Dave, Come Play Your Horn
May 20, 2020
Principal Trumpet David Harler Follows a Winding Road to the Gulf Coast Symphony
Growing up in Northern Virginia, David Harler was handed his first horn when he was eight years old. And that day led to a musical and life-long adventure that wound its way to Southwestern Florida and a position as principal trumpet at the Gulf Coast Symphony.
It was a 1930s King Liberty brand trumpet that his uncle first put in his hands. “Why he gave it to me I don’t know. He just said: ‘Here, if you want to play it, play it.’”
And play Dave did. In high school, he caught the eye of band master Everett C. Buskirk, who steered him toward Larry Tichenor, a player in the U.S. Marine Band, with whom Dave studied through high school.
Dyslexic at a time when that condition was little understood, Dave was frustrated by school work, save for music. “I saw letters and numbers upside down and backwards. I kept flunking tests. So when I’m supposed to be in math class, I’m in the band room doing duets with a friend. We weren’t playing hooky by going out to have a smoke. We were in the band room practicing.”
While Dave made it through high school, he had little prospect for university, given his dyslexia. That’s when luck touched him on the shoulder.
‘You’re in the Army Now’
Dave’s mother was a senior nurse in the Army hospital at Fort Belvoir, Va., and a patient just happened to be in charge of the Army’s bands. Dave’s mom mentioned her son played trumpet and won him an audition and a promise. “I go marching into the Pentagon with my little trumpet. I’m in my senior year of high school. I go into his office, and he pulls out a book of duets that, as turns out, I had been studying in my private lessons. I just nailed it and passed the audition.”
After graduation from high school in 1965, Dave was drafted into the Army and assigned to the Army concert band based at Fort Meade, Md. Promise kept.
That was during the Vietnam war, which touched upon Dave, who besides band duties was detailed to play taps at some 180 military burials.
Dave left the Army after three years and moved to Atlanta, Ga., where he joined a brassy rock band called The Seventh Circle. “It was the late 60s early 70s. It was the age of Aquarius.”
The eight-member Seventh Circle played the college circuit and night clubs throughout the Southeast. It even opened for big name acts, such as the Allman Brothers Band, the Doobie Brothers and Linda Ronstadt. “We did a lot of openings for some serious players. We were on the road all the time. I can remember many months writing rent checks for an apartment I seldom saw.”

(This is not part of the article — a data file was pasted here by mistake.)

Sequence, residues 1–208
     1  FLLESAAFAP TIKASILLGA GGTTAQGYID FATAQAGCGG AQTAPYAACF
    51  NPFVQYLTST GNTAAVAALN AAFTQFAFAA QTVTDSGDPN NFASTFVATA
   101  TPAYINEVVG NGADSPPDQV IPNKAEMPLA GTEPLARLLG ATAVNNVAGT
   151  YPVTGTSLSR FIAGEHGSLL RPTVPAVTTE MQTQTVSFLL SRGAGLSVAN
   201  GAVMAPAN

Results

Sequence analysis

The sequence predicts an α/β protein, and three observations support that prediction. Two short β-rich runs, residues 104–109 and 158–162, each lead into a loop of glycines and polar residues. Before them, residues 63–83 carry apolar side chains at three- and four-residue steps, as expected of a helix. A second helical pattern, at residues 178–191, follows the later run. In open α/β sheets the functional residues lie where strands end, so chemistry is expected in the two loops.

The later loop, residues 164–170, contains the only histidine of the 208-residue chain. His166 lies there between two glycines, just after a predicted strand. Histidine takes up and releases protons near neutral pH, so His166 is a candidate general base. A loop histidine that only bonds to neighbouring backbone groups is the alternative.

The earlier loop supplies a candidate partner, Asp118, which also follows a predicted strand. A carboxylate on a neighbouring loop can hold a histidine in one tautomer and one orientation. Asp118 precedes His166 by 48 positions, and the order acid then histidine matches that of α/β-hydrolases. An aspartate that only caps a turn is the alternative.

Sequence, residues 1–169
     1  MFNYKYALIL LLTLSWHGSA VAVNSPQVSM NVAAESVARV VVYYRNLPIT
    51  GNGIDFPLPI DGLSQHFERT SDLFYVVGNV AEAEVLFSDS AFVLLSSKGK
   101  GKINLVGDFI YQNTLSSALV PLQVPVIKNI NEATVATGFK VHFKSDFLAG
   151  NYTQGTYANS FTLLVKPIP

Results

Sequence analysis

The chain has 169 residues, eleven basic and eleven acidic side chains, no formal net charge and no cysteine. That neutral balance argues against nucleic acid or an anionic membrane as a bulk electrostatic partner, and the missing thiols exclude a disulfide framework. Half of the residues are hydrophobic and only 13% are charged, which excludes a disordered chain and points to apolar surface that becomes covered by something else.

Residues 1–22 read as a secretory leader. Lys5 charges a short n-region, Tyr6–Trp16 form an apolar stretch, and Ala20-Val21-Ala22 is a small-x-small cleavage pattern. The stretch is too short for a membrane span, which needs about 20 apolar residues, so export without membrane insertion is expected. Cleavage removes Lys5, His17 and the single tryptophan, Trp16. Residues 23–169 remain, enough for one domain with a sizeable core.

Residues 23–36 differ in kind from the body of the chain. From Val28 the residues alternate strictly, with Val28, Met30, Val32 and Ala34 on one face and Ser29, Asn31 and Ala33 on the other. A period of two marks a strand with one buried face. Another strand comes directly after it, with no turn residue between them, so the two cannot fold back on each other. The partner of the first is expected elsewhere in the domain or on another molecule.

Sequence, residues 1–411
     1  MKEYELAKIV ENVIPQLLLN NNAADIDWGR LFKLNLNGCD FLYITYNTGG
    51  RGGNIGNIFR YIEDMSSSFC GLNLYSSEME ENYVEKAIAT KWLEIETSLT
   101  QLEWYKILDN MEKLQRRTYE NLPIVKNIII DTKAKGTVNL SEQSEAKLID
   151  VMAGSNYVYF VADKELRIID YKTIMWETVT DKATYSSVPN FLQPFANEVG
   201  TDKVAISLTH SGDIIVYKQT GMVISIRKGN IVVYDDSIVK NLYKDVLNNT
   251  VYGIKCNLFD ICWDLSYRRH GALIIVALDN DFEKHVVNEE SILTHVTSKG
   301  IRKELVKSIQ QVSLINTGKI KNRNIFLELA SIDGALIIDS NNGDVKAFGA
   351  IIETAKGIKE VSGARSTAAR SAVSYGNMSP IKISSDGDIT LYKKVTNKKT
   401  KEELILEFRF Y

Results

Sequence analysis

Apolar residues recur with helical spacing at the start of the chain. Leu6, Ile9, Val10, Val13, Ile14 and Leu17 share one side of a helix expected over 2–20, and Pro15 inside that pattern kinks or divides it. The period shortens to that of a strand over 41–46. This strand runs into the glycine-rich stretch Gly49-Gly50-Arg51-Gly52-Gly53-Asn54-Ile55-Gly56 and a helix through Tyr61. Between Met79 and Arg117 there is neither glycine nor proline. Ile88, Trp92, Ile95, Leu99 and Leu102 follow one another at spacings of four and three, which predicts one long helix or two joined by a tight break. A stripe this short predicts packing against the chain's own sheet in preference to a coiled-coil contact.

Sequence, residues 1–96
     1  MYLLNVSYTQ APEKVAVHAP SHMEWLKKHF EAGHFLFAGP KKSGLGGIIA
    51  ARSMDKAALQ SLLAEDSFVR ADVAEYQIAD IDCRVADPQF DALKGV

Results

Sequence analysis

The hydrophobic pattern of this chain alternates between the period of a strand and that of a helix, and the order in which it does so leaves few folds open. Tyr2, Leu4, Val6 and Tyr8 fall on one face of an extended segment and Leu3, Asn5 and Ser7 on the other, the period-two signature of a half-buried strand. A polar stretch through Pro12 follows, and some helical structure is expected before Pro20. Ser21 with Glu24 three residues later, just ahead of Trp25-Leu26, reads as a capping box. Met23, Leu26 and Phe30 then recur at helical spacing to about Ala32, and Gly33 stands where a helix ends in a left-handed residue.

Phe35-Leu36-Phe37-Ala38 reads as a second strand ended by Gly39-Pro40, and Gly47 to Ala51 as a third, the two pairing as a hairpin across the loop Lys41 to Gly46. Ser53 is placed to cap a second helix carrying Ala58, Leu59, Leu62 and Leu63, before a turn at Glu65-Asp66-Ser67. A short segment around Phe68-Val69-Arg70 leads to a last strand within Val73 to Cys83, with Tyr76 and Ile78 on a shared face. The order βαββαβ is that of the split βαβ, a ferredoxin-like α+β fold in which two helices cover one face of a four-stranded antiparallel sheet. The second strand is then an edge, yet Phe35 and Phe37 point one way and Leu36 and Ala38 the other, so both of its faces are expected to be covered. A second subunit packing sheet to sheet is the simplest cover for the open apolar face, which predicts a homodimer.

But blowing horn in a rock group can take its toll. “How high and how loud can you play and for how long — that was the nature of playing in a rock band. It just destroys trumpet players.”
After four heady years, Dave left the Seventh Circle and headed back to the Washington, D.C. area, putting down his horn to do what so many of us regrettably do: retire from music for decades while we follow other pursuits.
For Dave, those pursuits included working in computer operations for Boeing Co. and later establishing a residential cleaning business in the D.C. area.
But that wasn’t all. It turned out Dave wasn’t quite through Rockin’. “I drag raced speed boats for 17 years. They were jet boats that would run about 130 mph and do a quarter-mile drag in nine seconds. I was a professional on the national circuit.”
Forward To the Past
Toward the end of his successful speed-boating career, the past reclaimed Dave. “When I was thinking about ending racing, I needed to find something to do next in my life. So I picked the horn back up. I was still racing, but I started taking weekly trumpet lessons.”
He found a mentor in Chuck Seipp, longtime solo trumpet with the Army Band. “Chuck and I completely changed the way I played. I had been an all-state player in my youth, but had some issues. It took us two years, but we did it.” So Dave moved on from fast boats.
By the time he left D.C. in 2004 to be near his parents in Southwest Florida, Dave was in his 50s and active on the Northern Virginia musical scene. He was in the National Concert Band of America, which was a collection of top ex-military players. He also was in the Alexandria, Va. Band, the Falls Church, Va. Band and the Veterans Administration Orchestra — all quality groups, Dave says.
That all changed. “I come to Florida, and there was nothing. It was like the music desert of America.”
Dave did find a local concert band in Lee County. But he wasn’t happy there. Then luck tapped him on the shoulder again. As Dave was walking out of the band room for the last time, a colleague suggested he look into the Gulf Coast Symphony. That was the tonic. “I said anything, anywhere. Give me that address.”
So Dave approached GCS music director Andrew Kurtz and found himself a musical home, where he has been for the past 16 years. “I never really played with a symphony until I got here. I was always a band guy. It’s totally different in an orchestra. And I’m not a jazz guy. I love the show stuff and the classical music.”
Dave says his biggest thrill in the GCS was playing solo trumpet in Mahler’s Fifth Symphony six or seven years ago. “It’s one of the biggest parts for trumpets out there.”
And the second was playing Beethoven’s Ninth Symphony in 2009, which was reprised by the orchestra in March 2020. “I don’t know what else I would do if I couldn’t play in the symphony any more.
Meantime, Southwest Florida hasn’t just gifted Dave his musical love. He also met his wife Kim shortly after he settled in the area. And there has been a day job. During his time here, Dave and Kim have run a residential cleaning business.
By Art Mooradian